Archive for May 20th, 2009

Enzyme Devours Alzheimer’s Culprit

May 20th, 2009 | No Comments | Source: BurrillReport, PLoS Medicine

In the brains of patients with Alzheimer’s disease, A-beta proteins stick together to form plaques that are at least associated with, and may actually precipitate the clinical syndrome.

pacmanA-beta proteins are formed when enzymes known as secretases digest a larger protein known as amyloid precursor protein.

Knowing this, drug designers have tried to find something that inhibits the secretases, but so far the search has been fruitless.

Malcolm Leissring and a team at Mayo Clinic, Florida have taken a different approach. They searched for compounds that hasten the destruction A-beta proteins, and they may have hit paydirt.

In a report published in PLoS ONE, the scientists used in vitro procedures to isolate 2 chemicals that stimulate insulin-degrading enzyme or IDE, which chews up A-beta proteins faster than Owen and Jen’s white Lab Marley could dismantle a sofa.

pacmanAlmost immediately after the chemicals were added to IDE, more than 99 percent of the A-beta was destroyed.
 
“This study describes the first examples of synthetic small-molecule activators of IDE, showing that activation of this enzyme is achievable,” Leissring told BurrillReport.

“If it is possible to generate drugs for human use that stimulate the activity of IDE, these agents might offer therapeutic benefit for treating and preventing Alzheimer’s disease.”
 
pacmanIDE is shaped like a clamshell that opens and shuts, like Pac-Man.

When IDE is open, A-beta fits snugly inside. The protease then closes like a Venus-fly trap and digests the A-beta.

IDE’s primary role is to digest excess insulin in the body, so small molecule activators like the ones uncovered by Leissring’s group might prove to be useful in managing diabetes one day as well.

The compounds are years away from human testing.

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ER Visits Climb in Bay State

May 20th, 2009 | No Comments | Source: Boston Globe

Data are filtering in on Massachusetts’ grand plan to extend health insurance coverage to virtually all Bay Staters. The good news is just about everyone’s covered. The bad news is just about everything else.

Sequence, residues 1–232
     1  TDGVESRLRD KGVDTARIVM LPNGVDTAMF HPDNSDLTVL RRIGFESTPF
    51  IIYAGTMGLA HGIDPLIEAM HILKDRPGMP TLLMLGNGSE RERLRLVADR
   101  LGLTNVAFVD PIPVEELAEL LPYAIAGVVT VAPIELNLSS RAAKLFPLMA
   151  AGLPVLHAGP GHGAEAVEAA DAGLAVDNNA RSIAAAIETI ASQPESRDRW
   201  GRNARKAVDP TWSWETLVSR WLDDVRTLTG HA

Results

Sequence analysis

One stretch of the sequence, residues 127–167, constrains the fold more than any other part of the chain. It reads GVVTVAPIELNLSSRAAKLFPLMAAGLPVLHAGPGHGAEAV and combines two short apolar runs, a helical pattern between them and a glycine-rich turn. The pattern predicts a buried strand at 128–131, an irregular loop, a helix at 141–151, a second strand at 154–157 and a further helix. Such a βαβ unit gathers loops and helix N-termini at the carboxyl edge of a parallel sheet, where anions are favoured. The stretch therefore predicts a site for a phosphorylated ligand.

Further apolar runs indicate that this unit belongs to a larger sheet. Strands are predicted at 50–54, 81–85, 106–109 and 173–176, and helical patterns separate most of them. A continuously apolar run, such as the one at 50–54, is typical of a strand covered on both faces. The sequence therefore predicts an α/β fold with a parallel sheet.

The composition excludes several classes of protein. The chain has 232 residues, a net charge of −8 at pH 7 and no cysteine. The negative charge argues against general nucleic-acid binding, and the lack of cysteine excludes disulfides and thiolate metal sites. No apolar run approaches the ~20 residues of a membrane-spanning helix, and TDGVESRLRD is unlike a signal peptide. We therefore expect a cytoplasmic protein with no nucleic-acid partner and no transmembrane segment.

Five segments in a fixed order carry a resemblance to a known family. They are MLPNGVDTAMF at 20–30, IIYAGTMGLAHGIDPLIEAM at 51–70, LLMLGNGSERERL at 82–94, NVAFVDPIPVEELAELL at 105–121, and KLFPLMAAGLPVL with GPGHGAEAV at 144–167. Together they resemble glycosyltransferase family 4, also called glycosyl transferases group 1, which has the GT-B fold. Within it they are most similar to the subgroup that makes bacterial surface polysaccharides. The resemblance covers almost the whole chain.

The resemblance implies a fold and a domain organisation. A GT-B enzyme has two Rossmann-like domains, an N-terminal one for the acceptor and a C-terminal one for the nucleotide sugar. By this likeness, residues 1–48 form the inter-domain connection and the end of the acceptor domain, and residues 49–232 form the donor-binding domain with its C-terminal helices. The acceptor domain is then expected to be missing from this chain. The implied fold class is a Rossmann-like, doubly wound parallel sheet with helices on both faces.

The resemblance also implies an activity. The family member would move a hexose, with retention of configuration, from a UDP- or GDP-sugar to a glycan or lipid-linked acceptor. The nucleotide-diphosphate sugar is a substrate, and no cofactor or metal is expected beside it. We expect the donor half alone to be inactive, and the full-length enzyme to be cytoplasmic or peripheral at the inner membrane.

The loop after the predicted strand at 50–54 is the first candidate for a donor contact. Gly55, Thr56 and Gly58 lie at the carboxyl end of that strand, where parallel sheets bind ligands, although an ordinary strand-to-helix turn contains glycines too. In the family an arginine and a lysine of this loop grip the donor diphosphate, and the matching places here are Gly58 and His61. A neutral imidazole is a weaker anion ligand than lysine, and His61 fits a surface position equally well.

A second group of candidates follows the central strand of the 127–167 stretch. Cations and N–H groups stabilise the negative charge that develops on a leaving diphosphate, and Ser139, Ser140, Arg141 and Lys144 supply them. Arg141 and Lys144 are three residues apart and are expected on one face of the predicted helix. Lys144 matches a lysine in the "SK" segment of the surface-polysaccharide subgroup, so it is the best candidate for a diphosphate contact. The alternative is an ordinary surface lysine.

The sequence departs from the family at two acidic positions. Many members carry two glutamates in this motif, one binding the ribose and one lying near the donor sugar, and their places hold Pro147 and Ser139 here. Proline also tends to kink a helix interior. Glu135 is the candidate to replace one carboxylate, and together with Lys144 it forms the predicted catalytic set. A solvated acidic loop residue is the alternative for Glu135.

canthisdataberight?When it comes to controlling health care costs, the state’s performance has been abysmal. Experts recently predicted that the state will spend $600 million more in 2009 on health care than in 2006, a 42% bump.

Now comes troubling data on a measure of access to care, emergency room visit volume.

In theory, the state’s new law should cut the costly visits because more people have access to PCPs that can either treat health situations before they reach crisis proportions or prevent them altogether.

In fact, ER visits went up 7% and the cost per ER visit jumped 17% in Massachusetts between 2005 and 2007, according to data shared with the Boston Globe.

The fraction of ER visits for non-urgent matters that could have been handled by a PCP remained unchanged at an astonishingly high 47%.

Massachusetts officials said several more years were required before accurate assessments could be made regarding the impact of their law on access to care.

The law actually went into effect half-way through the data collection period used to make the conclusions above, so they may have a point there.

Still, many worry that simply extending health insurance coverage isn’t going to control costs or improve access. They say the state needs to beef up its PCP corps before the program can work.

“Just because you have insurance doesn’t mean there’s a [PCP] who can see you,” said Sandra Schneider, VP of the American College of Emergency Physicians. “I am not surprised that visits went up.”

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